• Create a National Online Resource Center on Guardianship that would issue training materials for guardians, information on model legislation, and other useful resources for guardians, individuals under guardianship, courts, community organizations, and state and local officials;
  • Oversee a database on state guardianship laws and the use of less restrictive alternatives; 
  • Expand the availability of federal demonstration grants within the Elder Justice Act that could be used to promote guardian background checks, train court visitors, and develop state guardianship databases.

Senator Casey also introduced the Readiness for Elders and Americans with Disabilities Inclusion (READI) for Disasters Act on November 29. The READI for Disasters Act would establish a National Commission on Disability Rights and Disasters to study the needs of individuals with disabilities, older adults and others with access and functional needs throughout emergency preparation and planning, disaster response, recovery and mitigation. Additionally, it would provide financial support to develop and provide technical assistance and training to state and local emergency managers as well as disaster relief agencies. Senators Tammy Duckworth (D-IL) and Amy Klobuchar (D-MN) have co-sponsored the bill.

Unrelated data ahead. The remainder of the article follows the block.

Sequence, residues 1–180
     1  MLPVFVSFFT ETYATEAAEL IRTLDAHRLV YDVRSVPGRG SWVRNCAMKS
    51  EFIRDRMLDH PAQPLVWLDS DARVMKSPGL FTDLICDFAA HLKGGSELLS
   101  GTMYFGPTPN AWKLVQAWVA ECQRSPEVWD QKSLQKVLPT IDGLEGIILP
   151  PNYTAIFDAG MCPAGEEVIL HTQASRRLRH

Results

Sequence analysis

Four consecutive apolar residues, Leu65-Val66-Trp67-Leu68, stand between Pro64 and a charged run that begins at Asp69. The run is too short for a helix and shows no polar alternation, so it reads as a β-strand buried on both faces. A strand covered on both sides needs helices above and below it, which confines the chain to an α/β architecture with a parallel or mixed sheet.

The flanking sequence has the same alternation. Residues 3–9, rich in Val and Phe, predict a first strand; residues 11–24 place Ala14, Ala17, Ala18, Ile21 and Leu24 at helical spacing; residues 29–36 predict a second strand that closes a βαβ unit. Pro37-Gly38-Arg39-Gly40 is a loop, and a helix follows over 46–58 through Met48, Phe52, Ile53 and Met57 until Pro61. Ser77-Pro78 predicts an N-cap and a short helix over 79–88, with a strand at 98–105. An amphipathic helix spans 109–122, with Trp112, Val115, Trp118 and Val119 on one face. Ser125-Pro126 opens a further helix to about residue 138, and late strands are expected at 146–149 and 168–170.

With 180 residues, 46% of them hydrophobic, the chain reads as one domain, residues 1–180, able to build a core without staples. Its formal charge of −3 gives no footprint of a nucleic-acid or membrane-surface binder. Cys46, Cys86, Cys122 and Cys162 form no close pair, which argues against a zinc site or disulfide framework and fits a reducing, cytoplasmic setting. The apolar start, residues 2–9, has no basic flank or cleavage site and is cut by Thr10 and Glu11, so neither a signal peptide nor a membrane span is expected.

The Keeping All Students Safe Act was introduced by Representative Don Beyer (D-VA-8) and Senator Chris Murphy (D-CT) on November 14. The legislation would:

  • Make it illegal for any school receiving taxpayer dollars to seclude children; 
  • Limit the use of physical restraint to instances when it is necessary for the safety of students and teachers;
  • Establish minimum safety standards in schools;
  • Require states to monitor the law's implementation;
  • Increase transparency and oversight to prevent future abuse of students.

The Health Equity and Accountability Act was introduced by Senator Mazie Hirono and is co-sponsored by Senators Tammy Duckworth (D-IL), Ben Cardin (D-MD), Kamala Harris (D-CA), Cory Booker (D-NJ), Jeff Merkley (D-OR), Tim Kaine (D-VA), Richard Blumenthal (D-CT), Kirsten Gillibrand (D-NY), and Sherrod Brown (D-OH). This legislation is a counterpart to H.R. 5942, which was introduced into the House in May. Both bills seek to narrow health care disparities and improve the well-being of minority individuals.

Farm Bill

AUCD and our members have been following the negotiations around the differences between the House and Senate versions of the 2018 reauthorization. While negotiators have announced that an agreement in principle has been reached, the reduced schedule last week prevented votes. Reports indicate that the proposed work requirements for the SNAP programs are not in the final version. It is anticipated that the final bill will be voted on by the Senate this week and the House before the end of the year.

Tuesdays with Liz: Disability Policy for All

Daniel Crimmins, Director of the Georgia UCEDD and LEND Program, chats with Liz about the AUCD Leadership Academy. They discuss what makes a leader, what to expect at the AUCD Leadership Academy, and who should apply (hint: you!).


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For definitions of terms used in In Brief, please see AUCD's Glossary of Legislative Terms